Over 2,000 nurses and midwives who have not been paid their full salaries and other benefits in the last three years have threatened to lay down their tools on November 14, 2016, if the government fails to settle all their arrears.
The nurses and midwives who form the Ghana Registered Nurses and Midwives Association of Ghana say efforts to get the government to pay them all their outstanding salaries and benefits have not yielded any results.
Addressing a press conference on Thursday, October 27, 2016, the president of the GRNMA, Kwaku Asante-Krobea said “although our checks with the IPPD Unit of the Ministry of Health indicates that over eight thousand of the claim forms have been validated, our nurses and midwives are yet to be paid their salary arrears. There are hundreds of the nurses and midwives who have worked for various periods up to sixteen months who have not been paid a pesewa for the services they are rendering to mother Ghana.”
Mr Asante-Krobea also called for the abolishment of government’s policy which requires the accountant general’s department to pay them only three months of arrears irrespective of the number of months one is owed.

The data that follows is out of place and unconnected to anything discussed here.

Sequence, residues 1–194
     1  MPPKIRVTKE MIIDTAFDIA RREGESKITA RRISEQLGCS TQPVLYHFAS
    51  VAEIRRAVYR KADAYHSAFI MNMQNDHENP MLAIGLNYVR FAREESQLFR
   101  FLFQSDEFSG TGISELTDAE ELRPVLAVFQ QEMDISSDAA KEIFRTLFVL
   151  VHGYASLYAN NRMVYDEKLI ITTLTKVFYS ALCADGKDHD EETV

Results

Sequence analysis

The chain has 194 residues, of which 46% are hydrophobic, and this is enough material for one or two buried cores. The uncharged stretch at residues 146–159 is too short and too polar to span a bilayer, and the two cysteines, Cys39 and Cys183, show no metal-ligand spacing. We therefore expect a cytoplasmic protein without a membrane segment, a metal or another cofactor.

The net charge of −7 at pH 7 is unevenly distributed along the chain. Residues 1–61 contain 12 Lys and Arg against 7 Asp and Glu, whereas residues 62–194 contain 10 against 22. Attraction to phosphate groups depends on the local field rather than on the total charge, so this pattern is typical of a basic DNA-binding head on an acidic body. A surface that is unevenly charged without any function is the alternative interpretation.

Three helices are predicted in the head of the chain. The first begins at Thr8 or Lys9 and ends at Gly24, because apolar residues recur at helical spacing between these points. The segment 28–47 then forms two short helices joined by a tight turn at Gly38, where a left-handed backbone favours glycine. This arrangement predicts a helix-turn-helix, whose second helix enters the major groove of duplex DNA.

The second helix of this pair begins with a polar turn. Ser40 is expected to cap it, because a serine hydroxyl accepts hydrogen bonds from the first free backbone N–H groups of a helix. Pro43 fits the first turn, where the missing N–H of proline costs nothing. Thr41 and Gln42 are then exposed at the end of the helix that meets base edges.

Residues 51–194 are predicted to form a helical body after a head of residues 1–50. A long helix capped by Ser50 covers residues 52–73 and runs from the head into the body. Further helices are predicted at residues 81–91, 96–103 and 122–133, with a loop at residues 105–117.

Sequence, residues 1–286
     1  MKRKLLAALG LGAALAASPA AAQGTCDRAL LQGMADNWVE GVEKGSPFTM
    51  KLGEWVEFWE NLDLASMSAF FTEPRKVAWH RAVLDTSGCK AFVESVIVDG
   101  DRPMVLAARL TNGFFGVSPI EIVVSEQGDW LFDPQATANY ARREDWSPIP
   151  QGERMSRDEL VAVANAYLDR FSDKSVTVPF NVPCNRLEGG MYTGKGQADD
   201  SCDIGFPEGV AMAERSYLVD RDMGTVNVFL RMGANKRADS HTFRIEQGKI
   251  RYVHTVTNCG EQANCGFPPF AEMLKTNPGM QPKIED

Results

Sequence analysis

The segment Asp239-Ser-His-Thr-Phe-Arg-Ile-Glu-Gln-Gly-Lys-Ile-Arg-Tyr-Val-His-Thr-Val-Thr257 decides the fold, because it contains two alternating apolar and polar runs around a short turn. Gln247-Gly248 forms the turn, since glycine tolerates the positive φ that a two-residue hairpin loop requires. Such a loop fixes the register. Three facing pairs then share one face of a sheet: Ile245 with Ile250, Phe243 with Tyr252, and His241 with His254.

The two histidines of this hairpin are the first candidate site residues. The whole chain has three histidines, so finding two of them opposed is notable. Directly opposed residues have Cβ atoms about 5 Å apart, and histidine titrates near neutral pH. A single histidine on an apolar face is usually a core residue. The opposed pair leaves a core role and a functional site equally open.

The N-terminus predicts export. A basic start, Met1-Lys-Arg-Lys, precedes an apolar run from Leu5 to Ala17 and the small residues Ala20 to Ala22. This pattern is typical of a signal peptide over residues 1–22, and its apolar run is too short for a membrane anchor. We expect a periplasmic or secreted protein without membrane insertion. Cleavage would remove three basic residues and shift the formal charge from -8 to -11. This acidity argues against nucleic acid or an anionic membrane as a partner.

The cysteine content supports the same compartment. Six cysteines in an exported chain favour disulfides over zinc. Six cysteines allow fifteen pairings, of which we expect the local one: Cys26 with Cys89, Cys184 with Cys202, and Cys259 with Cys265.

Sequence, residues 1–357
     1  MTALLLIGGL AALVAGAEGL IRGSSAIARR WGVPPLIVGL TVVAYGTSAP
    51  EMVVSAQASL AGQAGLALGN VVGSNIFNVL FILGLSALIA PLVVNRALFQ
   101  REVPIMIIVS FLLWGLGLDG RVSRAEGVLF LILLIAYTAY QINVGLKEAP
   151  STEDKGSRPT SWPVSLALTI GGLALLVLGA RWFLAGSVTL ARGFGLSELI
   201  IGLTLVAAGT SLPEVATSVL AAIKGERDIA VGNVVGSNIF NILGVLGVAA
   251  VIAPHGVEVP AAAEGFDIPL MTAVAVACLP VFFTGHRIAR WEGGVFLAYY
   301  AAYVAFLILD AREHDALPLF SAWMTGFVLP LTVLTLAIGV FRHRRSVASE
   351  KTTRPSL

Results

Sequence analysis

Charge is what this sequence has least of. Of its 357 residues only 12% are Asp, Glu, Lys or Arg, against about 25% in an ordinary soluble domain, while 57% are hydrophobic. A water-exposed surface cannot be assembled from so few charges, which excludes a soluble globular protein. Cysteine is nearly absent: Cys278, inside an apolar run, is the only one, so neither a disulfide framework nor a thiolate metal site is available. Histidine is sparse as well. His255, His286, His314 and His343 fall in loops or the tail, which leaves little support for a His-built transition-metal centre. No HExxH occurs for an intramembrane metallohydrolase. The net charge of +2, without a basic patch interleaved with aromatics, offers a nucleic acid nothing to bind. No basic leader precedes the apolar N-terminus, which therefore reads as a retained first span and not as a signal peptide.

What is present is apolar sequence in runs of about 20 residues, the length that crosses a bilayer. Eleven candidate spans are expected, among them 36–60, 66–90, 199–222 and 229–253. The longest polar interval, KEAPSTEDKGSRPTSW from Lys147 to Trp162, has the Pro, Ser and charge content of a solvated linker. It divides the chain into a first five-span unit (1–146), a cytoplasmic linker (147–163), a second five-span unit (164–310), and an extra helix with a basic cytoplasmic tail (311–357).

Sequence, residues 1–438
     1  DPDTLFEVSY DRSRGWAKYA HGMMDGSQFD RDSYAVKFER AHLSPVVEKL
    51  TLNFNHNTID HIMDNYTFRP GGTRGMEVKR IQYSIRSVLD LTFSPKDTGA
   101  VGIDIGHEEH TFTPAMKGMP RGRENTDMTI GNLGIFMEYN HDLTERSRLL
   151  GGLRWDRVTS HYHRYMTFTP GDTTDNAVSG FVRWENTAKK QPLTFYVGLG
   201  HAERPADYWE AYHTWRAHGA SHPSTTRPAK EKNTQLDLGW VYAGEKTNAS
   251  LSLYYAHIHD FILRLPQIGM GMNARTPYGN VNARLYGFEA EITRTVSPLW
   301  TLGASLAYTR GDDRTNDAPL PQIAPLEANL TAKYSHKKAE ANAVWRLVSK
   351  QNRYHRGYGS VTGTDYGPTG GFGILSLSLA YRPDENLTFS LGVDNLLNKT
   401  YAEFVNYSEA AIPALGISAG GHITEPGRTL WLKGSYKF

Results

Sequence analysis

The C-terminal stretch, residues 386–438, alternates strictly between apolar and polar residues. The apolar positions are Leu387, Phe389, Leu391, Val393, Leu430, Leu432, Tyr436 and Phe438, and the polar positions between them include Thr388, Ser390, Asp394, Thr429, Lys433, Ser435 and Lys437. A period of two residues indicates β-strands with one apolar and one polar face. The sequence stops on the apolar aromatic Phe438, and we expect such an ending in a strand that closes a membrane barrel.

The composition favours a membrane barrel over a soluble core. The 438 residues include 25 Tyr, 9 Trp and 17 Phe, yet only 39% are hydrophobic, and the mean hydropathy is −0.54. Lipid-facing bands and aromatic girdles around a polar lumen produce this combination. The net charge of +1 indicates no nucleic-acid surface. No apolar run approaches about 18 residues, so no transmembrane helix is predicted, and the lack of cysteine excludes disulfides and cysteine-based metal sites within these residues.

He said the Ministry of Health and its Agencies, as well as the Ministry of Finance, must revert to the old policy where all salary arrears are paid at a go.
The association also raised concerns over non-posted graduate nurses and midwives, charging of promotion interview fees and the second tier pension scheme.
It also demanded that allowances of student nurses and midwives of not less than GHC500 be paid by the end of November.
Mr Asante-Krobea said due to the above concerns, the association has set up a roadmap of action.
He said the association has set “November 1 to 6 as days for wearing red armbands to register their displeasure,” adding that “on November 7 to 13, we will withdraw all OPD services, only Emergency and maternity cases will receive attention.”
Mr Asante-Krobea said industrial action, however, begins on November 14 with nurses withdrawing all services apart from in-patients care if their concerns are not addressed.